One step closer to the lawsuits in the Czech Republic against Ryanair


Not only during the Covid-19 pandemic, Ryanair is often the target of lawsuits for refunds and compensation for flight delays. In November 2020, the Court of Justice of the European Union ("CJEU") dealt with another case against Ryanair, specifically concerning the transfer of passenger rights. The case opens the door for businesses to sue Ryanair in jurisdictions other than Ireland, and Ryanair probably doesn't like it.

As a general rule, passengers, both consumers and non-consumers, may bring an action against an air carrier to claim a refund of the ticket price, or damages, at its discretion at the place of departure, arrival, or the headquarters of the air carrier. If the air carrier determines the jurisdiction of the courts differently in its terms and conditions, this arrangement shall be invalid against the consumer. It will usually be valid for non-consumer (business). Ryanair terms and conditions state that unless specifically excluded, the Irish courts shall have jurisdiction over all passenger claims and disputes.

So what happened?

Ryanair cancelled a flight from Milan to Warsaw. As a result, among others, a Polish passenger was entitled to a refund of the ticket price. However, he transferred his claim to a Polish company “Passenger Rights”, which specializes in the recovery of air passengers' claims. The company filed a lawsuit in Warsaw claiming the refund for the ticket price.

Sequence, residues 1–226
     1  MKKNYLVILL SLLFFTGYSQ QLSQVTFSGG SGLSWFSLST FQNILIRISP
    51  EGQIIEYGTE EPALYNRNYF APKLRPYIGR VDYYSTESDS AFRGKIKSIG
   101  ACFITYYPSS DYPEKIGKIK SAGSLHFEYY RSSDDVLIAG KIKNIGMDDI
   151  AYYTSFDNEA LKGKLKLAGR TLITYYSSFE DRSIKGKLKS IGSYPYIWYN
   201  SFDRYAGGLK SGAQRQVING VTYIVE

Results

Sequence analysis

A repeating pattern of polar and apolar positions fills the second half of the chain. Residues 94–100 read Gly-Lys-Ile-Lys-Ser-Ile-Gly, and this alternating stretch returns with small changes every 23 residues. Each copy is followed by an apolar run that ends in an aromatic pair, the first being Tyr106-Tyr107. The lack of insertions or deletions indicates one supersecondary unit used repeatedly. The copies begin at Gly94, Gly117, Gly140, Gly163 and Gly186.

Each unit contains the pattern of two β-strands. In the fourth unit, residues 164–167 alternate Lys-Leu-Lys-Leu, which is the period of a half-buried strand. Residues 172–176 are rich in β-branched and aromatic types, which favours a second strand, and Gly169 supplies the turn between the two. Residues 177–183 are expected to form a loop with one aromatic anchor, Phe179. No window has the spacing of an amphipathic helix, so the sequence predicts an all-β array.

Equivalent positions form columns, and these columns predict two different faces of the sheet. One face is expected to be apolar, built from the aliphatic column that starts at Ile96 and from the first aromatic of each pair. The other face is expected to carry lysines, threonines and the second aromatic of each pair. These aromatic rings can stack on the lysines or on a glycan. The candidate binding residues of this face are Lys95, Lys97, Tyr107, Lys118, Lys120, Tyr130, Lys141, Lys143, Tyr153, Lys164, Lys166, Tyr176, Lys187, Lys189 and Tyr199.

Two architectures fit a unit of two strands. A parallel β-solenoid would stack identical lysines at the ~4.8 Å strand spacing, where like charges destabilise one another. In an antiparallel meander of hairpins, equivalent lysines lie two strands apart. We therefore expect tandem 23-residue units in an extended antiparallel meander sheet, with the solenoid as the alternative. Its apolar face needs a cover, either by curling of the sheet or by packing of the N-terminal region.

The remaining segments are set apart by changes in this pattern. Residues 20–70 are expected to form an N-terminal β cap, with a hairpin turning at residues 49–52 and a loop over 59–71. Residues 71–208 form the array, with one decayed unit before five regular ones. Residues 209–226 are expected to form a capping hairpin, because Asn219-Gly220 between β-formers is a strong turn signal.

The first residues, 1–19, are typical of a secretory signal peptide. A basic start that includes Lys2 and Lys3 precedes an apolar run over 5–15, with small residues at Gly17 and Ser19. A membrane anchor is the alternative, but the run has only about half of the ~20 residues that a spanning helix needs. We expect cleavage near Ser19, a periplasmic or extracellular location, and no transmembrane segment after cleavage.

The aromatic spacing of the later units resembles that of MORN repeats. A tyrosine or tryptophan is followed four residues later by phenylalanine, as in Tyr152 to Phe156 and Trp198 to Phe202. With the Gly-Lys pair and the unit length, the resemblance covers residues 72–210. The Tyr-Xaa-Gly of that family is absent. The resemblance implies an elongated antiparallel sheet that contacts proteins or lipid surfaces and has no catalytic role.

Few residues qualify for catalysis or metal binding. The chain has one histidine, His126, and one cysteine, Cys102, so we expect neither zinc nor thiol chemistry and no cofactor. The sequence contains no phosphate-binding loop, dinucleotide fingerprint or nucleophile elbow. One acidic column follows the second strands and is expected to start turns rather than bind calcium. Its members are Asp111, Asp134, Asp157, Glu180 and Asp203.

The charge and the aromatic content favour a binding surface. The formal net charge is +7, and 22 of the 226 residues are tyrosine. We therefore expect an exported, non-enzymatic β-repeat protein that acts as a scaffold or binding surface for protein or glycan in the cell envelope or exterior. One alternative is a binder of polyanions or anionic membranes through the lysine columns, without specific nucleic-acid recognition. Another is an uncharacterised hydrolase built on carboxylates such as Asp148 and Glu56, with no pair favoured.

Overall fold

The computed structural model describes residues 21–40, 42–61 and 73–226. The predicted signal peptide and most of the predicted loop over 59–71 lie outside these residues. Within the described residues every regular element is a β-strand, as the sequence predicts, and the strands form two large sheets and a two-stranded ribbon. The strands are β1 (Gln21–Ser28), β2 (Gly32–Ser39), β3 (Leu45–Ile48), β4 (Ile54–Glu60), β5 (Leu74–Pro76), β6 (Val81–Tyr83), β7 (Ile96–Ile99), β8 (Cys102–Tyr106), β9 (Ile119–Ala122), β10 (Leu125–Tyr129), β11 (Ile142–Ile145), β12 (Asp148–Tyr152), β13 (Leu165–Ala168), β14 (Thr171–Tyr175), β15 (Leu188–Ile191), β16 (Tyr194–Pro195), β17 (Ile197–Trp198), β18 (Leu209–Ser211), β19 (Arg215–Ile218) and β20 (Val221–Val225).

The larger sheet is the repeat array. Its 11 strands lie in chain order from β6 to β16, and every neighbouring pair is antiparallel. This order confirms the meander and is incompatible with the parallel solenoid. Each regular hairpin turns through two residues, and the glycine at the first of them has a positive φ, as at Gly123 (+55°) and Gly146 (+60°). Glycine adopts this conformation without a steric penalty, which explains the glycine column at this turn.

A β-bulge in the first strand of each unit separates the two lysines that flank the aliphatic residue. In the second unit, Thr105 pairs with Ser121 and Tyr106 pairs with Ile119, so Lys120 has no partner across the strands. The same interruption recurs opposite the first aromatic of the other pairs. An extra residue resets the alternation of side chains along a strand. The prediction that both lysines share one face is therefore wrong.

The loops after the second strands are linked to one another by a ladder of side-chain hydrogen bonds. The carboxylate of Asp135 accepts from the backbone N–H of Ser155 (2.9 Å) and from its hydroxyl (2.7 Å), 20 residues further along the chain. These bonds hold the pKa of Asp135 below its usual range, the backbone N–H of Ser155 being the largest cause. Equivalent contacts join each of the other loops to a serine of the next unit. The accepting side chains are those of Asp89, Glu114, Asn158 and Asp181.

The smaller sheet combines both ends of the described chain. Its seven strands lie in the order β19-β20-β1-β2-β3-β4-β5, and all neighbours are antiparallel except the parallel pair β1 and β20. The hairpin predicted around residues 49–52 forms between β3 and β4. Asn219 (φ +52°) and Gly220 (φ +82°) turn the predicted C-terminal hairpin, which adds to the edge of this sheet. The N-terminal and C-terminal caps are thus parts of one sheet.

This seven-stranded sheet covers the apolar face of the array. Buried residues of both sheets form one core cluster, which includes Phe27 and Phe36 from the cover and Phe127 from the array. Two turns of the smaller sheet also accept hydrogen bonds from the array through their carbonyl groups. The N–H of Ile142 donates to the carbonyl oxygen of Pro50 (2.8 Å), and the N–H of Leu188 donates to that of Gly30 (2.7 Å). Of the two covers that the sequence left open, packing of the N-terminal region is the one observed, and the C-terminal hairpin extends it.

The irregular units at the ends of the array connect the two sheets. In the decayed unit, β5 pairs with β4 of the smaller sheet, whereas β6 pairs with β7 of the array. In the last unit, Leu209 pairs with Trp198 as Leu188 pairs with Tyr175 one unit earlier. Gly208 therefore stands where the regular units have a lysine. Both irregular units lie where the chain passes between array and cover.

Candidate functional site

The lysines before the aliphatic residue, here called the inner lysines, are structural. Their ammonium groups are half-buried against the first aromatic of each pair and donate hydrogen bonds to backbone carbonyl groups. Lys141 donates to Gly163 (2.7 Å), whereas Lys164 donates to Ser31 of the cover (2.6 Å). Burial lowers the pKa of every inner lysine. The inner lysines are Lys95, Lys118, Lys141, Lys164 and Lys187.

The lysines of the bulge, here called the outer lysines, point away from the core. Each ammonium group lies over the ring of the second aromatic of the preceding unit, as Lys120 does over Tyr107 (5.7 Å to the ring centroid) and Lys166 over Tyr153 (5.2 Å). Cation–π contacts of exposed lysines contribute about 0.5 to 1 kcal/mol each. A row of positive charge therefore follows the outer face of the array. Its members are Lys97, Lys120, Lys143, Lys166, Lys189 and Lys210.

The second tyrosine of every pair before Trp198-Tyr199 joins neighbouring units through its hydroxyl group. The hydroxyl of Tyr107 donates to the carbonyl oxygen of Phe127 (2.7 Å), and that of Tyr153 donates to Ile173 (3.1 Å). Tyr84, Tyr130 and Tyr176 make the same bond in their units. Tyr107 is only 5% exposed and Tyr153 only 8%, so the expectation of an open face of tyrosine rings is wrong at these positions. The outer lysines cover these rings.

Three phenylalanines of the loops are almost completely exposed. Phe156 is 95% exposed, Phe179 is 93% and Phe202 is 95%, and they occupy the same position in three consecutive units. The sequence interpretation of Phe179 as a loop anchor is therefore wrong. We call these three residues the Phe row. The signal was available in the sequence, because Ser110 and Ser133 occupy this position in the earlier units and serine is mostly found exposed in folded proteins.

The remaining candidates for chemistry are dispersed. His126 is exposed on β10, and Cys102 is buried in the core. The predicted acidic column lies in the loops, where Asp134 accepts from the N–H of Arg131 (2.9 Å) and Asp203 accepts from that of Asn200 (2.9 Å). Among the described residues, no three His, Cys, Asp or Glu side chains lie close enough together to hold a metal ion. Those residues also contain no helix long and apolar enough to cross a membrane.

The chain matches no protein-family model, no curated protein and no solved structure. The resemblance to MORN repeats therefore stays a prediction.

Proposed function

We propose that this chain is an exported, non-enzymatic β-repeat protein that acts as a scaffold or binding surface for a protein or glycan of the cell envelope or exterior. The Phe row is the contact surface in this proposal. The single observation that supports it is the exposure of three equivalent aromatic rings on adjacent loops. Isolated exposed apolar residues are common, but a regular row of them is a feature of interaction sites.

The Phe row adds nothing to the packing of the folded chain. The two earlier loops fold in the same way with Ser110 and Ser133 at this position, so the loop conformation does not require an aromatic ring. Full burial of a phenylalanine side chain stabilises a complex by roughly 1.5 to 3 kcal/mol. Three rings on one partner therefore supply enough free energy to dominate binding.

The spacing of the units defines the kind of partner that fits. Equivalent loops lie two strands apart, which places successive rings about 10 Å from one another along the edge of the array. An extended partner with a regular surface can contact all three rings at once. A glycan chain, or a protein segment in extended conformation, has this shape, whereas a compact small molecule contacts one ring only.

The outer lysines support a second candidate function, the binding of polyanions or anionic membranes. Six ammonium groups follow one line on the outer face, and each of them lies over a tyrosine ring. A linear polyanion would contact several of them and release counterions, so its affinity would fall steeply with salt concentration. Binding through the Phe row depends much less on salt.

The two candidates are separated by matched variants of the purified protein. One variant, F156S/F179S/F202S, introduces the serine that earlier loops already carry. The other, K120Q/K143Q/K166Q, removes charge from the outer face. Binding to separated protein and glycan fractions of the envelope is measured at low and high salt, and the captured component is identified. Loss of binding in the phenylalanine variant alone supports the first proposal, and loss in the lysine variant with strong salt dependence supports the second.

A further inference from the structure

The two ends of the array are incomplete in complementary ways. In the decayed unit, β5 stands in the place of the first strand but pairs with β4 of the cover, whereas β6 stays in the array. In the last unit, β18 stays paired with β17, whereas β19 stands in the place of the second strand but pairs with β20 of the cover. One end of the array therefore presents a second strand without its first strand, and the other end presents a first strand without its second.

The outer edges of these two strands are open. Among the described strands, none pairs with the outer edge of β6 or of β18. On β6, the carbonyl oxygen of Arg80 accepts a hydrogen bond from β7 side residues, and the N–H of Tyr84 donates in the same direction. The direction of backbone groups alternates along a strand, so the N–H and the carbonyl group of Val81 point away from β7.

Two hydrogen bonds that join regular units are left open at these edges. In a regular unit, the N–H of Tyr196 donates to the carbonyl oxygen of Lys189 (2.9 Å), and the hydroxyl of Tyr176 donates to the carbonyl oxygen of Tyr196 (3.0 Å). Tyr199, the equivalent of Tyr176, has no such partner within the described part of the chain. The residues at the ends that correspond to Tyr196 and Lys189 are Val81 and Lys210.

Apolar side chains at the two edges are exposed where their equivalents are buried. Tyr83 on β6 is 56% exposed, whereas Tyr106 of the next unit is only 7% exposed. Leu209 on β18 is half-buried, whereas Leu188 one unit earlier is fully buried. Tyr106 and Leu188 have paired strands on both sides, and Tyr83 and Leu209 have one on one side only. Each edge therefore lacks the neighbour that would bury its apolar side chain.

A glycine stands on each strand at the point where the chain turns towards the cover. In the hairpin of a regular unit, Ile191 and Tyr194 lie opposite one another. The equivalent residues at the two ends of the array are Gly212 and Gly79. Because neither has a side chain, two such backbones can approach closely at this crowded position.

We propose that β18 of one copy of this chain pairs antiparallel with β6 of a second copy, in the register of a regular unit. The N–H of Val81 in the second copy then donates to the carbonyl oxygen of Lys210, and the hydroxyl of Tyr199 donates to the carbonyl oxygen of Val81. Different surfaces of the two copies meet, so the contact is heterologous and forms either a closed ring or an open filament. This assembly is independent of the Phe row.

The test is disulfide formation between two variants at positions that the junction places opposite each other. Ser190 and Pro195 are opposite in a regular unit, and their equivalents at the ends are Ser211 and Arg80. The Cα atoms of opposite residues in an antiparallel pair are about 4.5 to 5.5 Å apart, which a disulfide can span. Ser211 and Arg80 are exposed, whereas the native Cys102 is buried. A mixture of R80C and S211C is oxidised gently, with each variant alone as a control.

If the passenger had filed a lawsuit against Ryanair, he could choose to do so in Italy, Poland or Ireland. In this case, however, the passenger assigned his claim to a non-consumer company. Ryanair argued that Passenger Rights, as a business, is obliged to comply with the terms and conditions of the contract of carriage, and accordingly can only bring an action in Ireland, and not in Poland. According to Ryanair, the claim is subject to the exclusive jurisdiction of the Irish courts, as contained in the agreement.

However, the Court of Justice of the European Union ruled in favour of the company specializing in debt collection. In particular, the court stated that "An air carrier may not invoke an agreement on jurisdiction over a debt collection company unless that company has entered into all the rights and obligations of the original party." In other words, if the passenger transfers, to a third party which is not a consumer, "only" their right to a claim, then the terms and conditions and the agreement on the jurisdiction of the courts under the contract of carriage do not apply, and the third party can sue according to the general rules. This principle will not apply if the passenger has transferred the entire contract of carriage to a third party other than the consumer, in which case the company would have to sue in Ireland.

The judgment brings new, interesting opportunities for ticket intermediaries and, in short, for all entities involved in the recovery of passengers' claims against airlines.